In step 156 the student is queried on entering a preference. If the student wishes to enter a preference, the application enters a subroutine for entering preferences in step 158. Such a preferences subroutine wherein a student may enter various parameters will be readily apparent to one of ordinary skill in the art. Such a subroutine may include personal calendar entries and sleep/wakes times not managed by the device, relative skill level of the student compared to the average student, class preferences, as well as preferences for study habits, etc., as was mentioned hereinbefore. As discussed, preferences for study habits, or hierarchical study rules, are wide and varied.
Hierarchical study rules may include preferable study times, a preference for studying one day before a specific event rather than one week before that event, a preference for studying early in the week rather than spreading studying out through the week, minimum and maximum study goals, and/or a preference for recurring study times for particular classes. One skilled in the art may also recognize additional preferences and may add such additional preferences to the subroutine without departing from the spirit of the invention.
Once any preferences have been entered, or if the student does not wish to enter any preferences, the application proceeds to step 160. In step 160, a student may download information from an educational institution, such as an education institution 14. Routines for downloading information over the internet, such as through web sites, are well known in the art.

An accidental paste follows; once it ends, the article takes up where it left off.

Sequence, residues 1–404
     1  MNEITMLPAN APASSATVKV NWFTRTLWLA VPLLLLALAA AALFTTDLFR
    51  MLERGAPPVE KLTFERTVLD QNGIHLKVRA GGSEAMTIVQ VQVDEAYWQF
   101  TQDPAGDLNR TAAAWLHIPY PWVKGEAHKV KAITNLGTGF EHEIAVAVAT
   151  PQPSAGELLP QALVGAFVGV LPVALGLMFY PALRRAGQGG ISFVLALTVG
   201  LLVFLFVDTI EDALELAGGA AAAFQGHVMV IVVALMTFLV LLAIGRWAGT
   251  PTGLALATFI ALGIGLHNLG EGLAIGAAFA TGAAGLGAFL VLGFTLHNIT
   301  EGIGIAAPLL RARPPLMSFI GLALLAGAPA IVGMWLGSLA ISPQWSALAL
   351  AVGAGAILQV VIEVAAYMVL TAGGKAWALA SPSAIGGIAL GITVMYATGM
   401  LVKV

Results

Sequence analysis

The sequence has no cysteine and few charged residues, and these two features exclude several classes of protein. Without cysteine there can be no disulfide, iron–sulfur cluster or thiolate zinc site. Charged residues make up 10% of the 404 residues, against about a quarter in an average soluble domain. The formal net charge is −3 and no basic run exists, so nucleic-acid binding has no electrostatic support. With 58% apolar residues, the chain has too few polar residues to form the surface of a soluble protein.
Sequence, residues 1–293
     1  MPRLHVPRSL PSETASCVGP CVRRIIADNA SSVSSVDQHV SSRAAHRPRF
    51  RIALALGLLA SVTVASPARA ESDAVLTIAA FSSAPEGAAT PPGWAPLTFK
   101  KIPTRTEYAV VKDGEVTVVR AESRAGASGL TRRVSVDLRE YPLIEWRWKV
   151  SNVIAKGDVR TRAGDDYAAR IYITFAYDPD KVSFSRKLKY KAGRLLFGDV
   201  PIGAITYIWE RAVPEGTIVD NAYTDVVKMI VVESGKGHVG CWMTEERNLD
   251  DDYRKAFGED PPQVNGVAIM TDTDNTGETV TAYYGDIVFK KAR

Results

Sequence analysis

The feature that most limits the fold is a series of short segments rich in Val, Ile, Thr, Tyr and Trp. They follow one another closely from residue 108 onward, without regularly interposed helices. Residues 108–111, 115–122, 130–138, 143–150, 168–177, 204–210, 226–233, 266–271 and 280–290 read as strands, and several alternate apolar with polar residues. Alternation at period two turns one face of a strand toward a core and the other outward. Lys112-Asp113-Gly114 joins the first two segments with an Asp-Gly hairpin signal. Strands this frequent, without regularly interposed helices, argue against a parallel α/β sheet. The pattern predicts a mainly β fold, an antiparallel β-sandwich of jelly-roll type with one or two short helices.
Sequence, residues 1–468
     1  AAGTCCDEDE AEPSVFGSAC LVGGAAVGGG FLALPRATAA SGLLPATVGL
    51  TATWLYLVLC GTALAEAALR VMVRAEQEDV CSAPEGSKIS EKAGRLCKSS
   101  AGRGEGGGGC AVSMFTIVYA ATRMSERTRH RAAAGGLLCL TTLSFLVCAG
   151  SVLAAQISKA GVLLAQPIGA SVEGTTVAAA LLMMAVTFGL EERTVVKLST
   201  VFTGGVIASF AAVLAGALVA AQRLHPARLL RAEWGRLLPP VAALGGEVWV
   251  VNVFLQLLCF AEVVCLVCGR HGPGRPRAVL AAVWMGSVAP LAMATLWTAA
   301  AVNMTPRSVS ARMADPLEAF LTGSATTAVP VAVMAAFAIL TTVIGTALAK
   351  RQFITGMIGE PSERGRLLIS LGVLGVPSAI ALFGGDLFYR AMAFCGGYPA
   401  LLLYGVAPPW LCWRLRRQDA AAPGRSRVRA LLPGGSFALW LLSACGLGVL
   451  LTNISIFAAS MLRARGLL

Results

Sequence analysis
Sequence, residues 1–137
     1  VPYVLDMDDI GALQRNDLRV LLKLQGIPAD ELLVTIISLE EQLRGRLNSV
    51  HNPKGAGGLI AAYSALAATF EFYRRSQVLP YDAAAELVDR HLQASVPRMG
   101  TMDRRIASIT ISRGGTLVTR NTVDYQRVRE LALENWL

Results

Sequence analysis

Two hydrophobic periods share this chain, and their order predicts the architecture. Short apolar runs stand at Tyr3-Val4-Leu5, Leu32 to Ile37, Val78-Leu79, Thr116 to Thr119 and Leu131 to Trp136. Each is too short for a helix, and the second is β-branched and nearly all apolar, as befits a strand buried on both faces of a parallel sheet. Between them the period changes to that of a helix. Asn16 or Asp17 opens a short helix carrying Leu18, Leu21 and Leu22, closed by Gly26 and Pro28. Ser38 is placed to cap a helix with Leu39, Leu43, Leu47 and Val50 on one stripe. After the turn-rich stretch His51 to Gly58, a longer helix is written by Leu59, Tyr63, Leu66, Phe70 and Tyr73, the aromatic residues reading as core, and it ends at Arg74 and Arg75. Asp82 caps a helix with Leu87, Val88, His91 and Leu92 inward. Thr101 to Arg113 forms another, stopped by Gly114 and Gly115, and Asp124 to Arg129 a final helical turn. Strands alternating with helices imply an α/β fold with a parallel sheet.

Alternatively, downloads from an institution could be controlled based on student preferences. In such an embodiment, downloads from an institution could occur intermittently and automatically, the frequency of which is controlled by a preference, such that student interaction would not be required. A device would then adjust the personal calender appropriately, for example, notifying a student of class cancellations and/or assignment changes.
Once the download is complete, or if the student does not wish to download, the application proceeds to the schedule merge subroutine in step 164. The schedule merge subroutine functions to reconcile differences between an educational institution and a student. For example, the schedule merge subroutine might reconcile differences between a master calender used and maintained by an educational institution and a personal calendar used and maintained by a student. An example of a schedule merge subroutine will be provided hereinafter in FIG. 5. Irreconcilable conflicts are return from the subroutine in step 166.